Letters to the Editor, July 2009
Reaction to stories in the April 2009 issue.
Published Jul 1, 2009 7:00 AM
THE "LAZY ENVIRONMENTALIST" COMMENT about eating less meat [page 62] is misleading. We have cows that are 14 years old that have never had a kernel of corn. We eat grass beef that was grown on what nature provided without any artificial irrigation, cultivation, fertilizer or chemicals. Steers that are fed attain 60 percent of their weight on pasture. In the feedlot, they are fed many by-products that are indigestible by humans. The amount of corn they consume is a small portion of their entire diet.
Steve and Helen Percy '66
Mountain Home, ID
JUST ONE COMMENT about the excellence, diversity and dimension of UCLA Magazine's April issue: WOW!
Harv Kauffman M.S. '59
La Costa, CA
IT TOOK SIX DECADES, but the UCLA Magazine April 2009 edition finally featured an international athletic sport that provides no scholarship or financial aid to players. Rugby [page 47] encourages students to play for the camaraderie and fellowship of humanity through competition. In the '40s and '50s, football players joined the rugby team knowing it was a relationship sport with other ruggers and that the sport experience would last a lifetime. The after-game feast and grog was part of the lore ...
I remember Simpson, Way, Weisstein, MacLaughlin, Thomas, Roesch and others that built the founding rugby team to be very competitive. Rugby was a club sport, but players earned a UCLA letter that was designated "minor." I congratulate Coach Scott Stewart in keeping the tradition of UCLA Rugby alive and beseech all alumni to help him in his cause.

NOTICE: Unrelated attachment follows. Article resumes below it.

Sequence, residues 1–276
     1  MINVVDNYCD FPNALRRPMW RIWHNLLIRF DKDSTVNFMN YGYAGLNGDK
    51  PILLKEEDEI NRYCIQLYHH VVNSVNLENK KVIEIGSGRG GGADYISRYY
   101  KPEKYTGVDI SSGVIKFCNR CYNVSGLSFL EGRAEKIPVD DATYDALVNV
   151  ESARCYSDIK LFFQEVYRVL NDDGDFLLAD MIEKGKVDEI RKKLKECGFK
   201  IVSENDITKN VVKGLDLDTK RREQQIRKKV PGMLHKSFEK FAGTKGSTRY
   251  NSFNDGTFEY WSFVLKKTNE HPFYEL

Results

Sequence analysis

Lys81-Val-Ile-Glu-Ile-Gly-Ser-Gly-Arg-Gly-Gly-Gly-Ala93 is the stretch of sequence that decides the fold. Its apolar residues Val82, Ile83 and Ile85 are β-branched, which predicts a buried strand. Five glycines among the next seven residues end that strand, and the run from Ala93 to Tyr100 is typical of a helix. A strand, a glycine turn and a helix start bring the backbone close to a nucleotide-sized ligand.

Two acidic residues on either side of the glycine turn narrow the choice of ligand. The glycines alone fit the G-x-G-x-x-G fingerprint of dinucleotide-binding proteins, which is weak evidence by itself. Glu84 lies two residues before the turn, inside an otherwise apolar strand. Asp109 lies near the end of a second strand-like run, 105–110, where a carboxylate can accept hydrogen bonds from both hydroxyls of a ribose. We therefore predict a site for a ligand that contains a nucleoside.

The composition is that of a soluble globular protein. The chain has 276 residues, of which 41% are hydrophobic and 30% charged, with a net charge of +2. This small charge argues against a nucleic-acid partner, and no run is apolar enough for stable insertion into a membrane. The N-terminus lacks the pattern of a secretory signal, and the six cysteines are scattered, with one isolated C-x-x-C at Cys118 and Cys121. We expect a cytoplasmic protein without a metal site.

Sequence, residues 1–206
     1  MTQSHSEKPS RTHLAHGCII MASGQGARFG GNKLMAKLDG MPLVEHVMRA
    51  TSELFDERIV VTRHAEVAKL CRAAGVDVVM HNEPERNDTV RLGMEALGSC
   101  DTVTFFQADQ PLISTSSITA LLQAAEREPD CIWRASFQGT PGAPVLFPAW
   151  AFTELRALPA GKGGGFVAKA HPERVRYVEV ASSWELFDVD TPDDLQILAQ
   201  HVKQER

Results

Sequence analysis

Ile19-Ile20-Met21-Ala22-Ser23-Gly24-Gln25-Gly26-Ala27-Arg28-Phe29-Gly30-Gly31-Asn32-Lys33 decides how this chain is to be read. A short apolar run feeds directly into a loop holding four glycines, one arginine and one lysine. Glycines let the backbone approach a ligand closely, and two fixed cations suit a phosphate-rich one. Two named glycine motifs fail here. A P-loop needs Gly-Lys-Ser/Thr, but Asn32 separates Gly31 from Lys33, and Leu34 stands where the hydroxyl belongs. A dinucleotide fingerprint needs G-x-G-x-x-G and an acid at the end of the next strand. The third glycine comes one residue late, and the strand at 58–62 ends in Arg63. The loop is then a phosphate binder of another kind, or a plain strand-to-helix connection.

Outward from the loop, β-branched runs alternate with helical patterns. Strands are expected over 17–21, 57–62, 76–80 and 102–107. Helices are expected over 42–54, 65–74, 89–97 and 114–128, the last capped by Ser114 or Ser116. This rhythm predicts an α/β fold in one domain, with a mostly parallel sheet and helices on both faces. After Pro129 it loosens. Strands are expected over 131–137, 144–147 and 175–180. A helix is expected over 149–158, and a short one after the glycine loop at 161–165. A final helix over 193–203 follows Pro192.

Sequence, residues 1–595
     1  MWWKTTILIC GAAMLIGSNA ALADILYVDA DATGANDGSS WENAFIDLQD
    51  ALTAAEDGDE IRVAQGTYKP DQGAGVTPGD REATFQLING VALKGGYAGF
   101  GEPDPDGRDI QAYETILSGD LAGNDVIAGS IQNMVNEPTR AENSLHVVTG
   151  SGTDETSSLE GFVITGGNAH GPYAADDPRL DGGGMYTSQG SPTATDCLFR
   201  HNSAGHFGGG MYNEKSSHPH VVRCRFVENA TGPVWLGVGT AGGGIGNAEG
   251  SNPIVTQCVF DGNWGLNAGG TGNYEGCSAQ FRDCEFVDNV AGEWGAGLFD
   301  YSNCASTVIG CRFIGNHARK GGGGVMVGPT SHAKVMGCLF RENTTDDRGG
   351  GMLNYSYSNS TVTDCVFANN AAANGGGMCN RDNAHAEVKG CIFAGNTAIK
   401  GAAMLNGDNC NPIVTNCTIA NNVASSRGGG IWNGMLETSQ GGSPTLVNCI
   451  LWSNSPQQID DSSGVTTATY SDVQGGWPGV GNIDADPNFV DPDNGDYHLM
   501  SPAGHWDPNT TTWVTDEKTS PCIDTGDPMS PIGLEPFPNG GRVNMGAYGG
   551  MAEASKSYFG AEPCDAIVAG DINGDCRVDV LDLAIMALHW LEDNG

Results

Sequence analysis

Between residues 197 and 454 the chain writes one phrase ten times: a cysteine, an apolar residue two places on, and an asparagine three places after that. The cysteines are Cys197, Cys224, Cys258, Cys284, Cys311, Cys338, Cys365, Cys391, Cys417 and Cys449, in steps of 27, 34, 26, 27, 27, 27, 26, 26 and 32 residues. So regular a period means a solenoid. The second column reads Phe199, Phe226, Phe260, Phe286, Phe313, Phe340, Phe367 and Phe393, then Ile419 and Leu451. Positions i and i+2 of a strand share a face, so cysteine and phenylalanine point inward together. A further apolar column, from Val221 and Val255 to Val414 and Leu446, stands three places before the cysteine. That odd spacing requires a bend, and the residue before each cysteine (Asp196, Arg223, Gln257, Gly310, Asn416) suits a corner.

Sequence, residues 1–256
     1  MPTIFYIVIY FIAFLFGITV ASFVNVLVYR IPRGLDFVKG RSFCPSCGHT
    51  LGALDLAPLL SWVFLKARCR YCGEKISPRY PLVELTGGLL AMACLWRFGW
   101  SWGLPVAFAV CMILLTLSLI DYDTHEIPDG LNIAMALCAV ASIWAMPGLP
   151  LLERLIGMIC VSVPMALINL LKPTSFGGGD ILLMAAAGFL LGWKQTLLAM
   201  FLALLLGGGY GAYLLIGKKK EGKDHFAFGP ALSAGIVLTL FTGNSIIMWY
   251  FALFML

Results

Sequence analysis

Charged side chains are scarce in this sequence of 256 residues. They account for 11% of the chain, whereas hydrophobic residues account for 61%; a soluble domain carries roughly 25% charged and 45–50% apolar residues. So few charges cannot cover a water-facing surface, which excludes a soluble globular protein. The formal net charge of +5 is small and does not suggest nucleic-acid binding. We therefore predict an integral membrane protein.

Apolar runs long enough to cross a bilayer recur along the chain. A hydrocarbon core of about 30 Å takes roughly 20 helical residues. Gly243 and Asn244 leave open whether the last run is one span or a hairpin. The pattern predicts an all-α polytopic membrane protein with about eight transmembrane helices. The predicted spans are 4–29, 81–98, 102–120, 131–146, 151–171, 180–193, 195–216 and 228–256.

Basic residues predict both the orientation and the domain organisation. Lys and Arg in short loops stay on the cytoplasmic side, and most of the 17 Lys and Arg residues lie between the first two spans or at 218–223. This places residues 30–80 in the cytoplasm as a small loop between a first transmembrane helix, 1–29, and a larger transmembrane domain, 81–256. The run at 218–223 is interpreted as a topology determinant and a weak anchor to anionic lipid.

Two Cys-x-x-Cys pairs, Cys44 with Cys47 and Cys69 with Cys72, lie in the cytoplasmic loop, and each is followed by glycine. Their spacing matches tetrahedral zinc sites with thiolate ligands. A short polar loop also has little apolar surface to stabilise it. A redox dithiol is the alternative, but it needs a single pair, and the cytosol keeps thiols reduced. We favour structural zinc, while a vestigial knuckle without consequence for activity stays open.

Colonel Camillo Wilde (AUS/MI Ret.) '51
JUST WANTED TO THANK YOU for your Spring 2009 article, "Money Down" [page 26]. It is a little late, but I really appreciated your comments on the current financial situation in America. Especially your simple suggestion, in the last paragraph, of revisiting Glass-Steagall.
I recall in my economics classes at UCLA in the early '60s [of] a professor there complaining that Glass-Steagall "handcuffed" real economic growth. When talking to my grandfather about this matter, he told me, and I recall his words very clearly, "Don't let the banks lose or they will bankrupt the country again." Well, sadly, the Financial Services Modernization Act in 1999 proved my grandfather correct. I am a little pessimistic that real reform will actually be passed short of another real depression, not the current real recession. Maybe this time I will be surprised. Let's hope.
Joe H. Hall '67
Santa Cruz, CA
THANK YOU FOR THE ARTICLE featuring Malcolm Kerr ["Malcolm Kerr's Middle East," page 9]. I took his upper-division course on Arab-Israeli relations in 1969. Professor Kerr brought many resource people into the class, of the caliber one does not have access to outside a department with an international reputation. In addition, he made his home, his library and, most importantly, himself available to students in the department. I was also fortunate that he was my departmental counselor. I was working in the IRS office in Hollywood when he was killed, or, rather, assassinated. I think the latter because the act was a political attack, and because I know that if he had lived, he would have had considerable influence in the halls of government.
I wept and people asked why, and it was then that I realized what a considerable influence he was in my college career, and what a fine example he was as a human being. Not a year goes by that I do not think of him. Eternal be his memory.
Dean H. Prodromos '70